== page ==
May 8, 2013, 7:30 AM EDT
With Ferguson now only having two more games in charge of Manchester United, now is a good time to look back at the incredible amount of success he has had at Old Trafford.
His all-time record as manager is astonishing. Since November 6, 1986, Ferguson has taken charge of 1498 games. He has won 894 of them, drawn 337 and lost just 267.
Ferguson has also led United to an incredible 38 trophies in his time at the helm, including 13 English league titles, five FA Cups, four league cups, two UEFA Champions Leagues, a FIFA Club World Cup, UEFA Super Cup, UEFA Cup Winners Cup, Inter-Continental Cup and ten FA Community Shields.
So after that huge list of achievements and unrivalled success for over a quarter of a century, will anyone ever replicate Ferguson’s success? I doubt it.
The man is a genius. He has innovated himself and his sides several times during his tenure at United, with that perhaps his finest quality of them all. Too many times we see managers sticking steadfastly to their principles, without any inclination to change or adapt with the times.
Ferguson is stubborn, don’t get me wrong, he definitely has his mind made up with his coaching philosophy. But his ability to tweak that over the years has enabled him to replicate the incredible success year on year, decade on decade.
But something that shouldn’t be forgotten, before he arrived at United he had huge success North of the border with St. Mirren and Aberdeen. He won the Scottish First division in 1976-77 with St. Mirren and then went onto lead Aberdeen to the greatest period in the clubs history. He racked up three Scottish Premier Division titles, four Scottish Cups, a league cup, UEFA Cup Winners’ Cup and UEFA Super Cup.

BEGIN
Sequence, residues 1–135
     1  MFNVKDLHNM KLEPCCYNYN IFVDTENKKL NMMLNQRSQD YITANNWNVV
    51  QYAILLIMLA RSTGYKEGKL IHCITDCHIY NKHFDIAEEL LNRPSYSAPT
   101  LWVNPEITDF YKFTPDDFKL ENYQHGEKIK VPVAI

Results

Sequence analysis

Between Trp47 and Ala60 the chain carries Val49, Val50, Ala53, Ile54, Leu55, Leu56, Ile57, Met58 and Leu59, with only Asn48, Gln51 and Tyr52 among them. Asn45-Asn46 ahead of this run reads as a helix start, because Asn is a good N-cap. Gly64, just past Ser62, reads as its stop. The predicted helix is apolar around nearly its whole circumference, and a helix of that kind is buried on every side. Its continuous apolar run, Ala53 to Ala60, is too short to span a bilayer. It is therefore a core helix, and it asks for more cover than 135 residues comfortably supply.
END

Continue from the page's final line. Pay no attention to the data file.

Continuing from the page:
He cut his teeth in the rough and tumble of Scottish football and took that mentality with him to Manchester United. If David Moyes is to succeed Sir Alex in charge at United, that same Scottish soccer nous and toughness is sure to remain through the heart and soul of the Red Devils. The transition would be incredibly smooth if Moyes is ‘the chosen one.’
However, he should not be expected to replicate Ferguson, nor should anyone else for that matter. We are talking about a man who redefined the game, time and time again. A man who not only demanded success from his players, he expected it and delivered it time and time again.
Ferguson’s achievements will never be matched and his presence on the sidelines of the English game will forever be missed. Whenever I see someone viciously chewing a piece of gum or dramatically gazing and pointing at their watch, I will think of Sir Alex Ferguson.
Today is a sad day for world soccer. The man that led one of the worlds most successful clubs in the game’s modern era is stepping down. Things will never quite be the same again. Enjoy your retirement Sir Alex, you’ve earned it.
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